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1 The elders which are among you I exhort, who am also an elder, and a witness of the sufferings of Christ, and also a partaker of the glory that shall be revealed:

2 Feed the flock of God which is among you, taking the oversight thereof, not by constraint, but willingly; not for filthy lucre, but of a ready mind;

3 Neither as being lords over God's heritage, but being ensamples to the flock.

4 And when the chief Shepherd shall appear, ye shall receive a crown of glory that fadeth not away.

5 Likewise, ye younger, submit yourselves unto the elder. Yea, all of you be subject one to another, and be clothed with humility: for God resisteth the proud, and giveth grace to the humble.

6 Humble yourselves therefore under the mighty hand of God, that he may exalt you in due time:

7 Casting all your care upon him; for he careth for you.

8 Be sober, be vigilant; because your adversary the devil, as a roaring lion, walketh about, seeking whom he may devour:

9 Whom resist stedfast in the faith, knowing that the same afflictions are accomplished in your brethren that are in the world.

10 But the God of all grace, who hath called us unto his eternal glory by Christ Jesus, after that ye have suffered a while, make you perfect, stablish, strengthen, settle you.

11 To him be glory and dominion for ever and ever. Amen.

12 By Silvanus, a faithful brother unto you, as I suppose, I have written briefly, exhorting, and testifying that this is the true grace of God wherein ye stand.

13 The church that is at Babylon, elected together with you, saluteth you; and so doth Marcus my son.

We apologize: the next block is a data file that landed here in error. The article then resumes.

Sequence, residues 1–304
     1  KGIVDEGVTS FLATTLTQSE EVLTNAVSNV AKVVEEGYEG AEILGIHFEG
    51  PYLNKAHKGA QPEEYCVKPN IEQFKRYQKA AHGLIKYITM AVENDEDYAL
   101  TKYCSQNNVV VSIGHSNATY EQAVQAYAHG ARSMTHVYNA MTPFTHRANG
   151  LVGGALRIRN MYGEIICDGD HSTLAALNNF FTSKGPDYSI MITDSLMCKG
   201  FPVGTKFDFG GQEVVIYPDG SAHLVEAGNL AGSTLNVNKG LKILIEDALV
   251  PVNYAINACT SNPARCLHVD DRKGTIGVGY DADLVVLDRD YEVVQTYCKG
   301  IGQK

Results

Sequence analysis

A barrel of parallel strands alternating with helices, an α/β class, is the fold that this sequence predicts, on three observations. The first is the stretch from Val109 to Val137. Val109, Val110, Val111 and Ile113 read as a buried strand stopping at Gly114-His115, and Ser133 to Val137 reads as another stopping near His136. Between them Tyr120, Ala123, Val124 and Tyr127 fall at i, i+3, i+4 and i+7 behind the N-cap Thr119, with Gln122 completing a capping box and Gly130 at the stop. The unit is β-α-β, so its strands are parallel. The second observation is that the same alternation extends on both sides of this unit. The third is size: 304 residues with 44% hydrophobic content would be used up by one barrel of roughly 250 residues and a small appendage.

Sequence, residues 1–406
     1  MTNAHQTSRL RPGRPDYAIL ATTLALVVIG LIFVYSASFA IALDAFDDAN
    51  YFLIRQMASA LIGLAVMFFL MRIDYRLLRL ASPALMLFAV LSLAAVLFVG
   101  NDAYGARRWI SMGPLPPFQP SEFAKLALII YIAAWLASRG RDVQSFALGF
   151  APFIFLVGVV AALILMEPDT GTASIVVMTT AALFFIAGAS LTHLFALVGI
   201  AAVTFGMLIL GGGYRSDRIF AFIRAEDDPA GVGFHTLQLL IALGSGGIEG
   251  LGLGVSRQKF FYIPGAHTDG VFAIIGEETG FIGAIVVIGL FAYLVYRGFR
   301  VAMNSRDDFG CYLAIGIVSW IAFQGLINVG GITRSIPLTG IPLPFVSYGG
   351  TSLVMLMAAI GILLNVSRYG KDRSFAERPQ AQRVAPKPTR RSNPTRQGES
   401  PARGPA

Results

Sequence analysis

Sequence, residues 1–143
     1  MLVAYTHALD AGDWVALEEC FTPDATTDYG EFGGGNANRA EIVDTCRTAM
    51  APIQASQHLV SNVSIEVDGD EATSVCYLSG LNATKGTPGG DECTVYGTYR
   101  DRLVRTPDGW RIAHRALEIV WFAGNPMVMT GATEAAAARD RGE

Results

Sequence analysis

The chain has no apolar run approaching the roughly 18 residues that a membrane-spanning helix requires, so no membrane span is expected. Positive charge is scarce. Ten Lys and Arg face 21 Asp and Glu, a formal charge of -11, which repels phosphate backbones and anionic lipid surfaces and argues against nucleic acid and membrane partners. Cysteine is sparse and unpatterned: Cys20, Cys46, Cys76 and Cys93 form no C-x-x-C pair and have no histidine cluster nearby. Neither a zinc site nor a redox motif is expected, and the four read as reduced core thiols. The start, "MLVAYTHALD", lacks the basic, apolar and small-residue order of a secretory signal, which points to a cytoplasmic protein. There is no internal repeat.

14 Greet ye one another with a kiss of charity. Peace be with you all that are in Christ Jesus. Amen.

Commentary for 1 Peter 5

Elders exhorted and encouraged. (1-4) Younger Christians are to submit to their elders, and to yield with humility and patience to God, and to be sober, watchful, and stedfast in faith. (5-9) Prayers for their growth and establishment. (10-14)1-4 The apostle Peter does not command, but exhorts. He does not claim power to rule over all pastors and churches. It was the peculiar honour of Peter and a few more, to be witnesses of Christ's sufferings; but it is the privilege of all true Christians to partake of the glory that shall be revealed. These poor, dispersed, suffering Christians, were the flock of God, redeemed to God by the great Shepherd, living in holy love and communion, according to the will of God. They are also dignified with the title of God's heritage or clergy; his peculiar lot, chosen for his own people, to enjoy his special favour, and to do him special service. Christ is the chief Shepherd of the whole flock and heritage of God. And all faithful ministers will receive a crown of unfading glory, infinitely better and more honourable than all the authority, wealth, and pleasure of the world.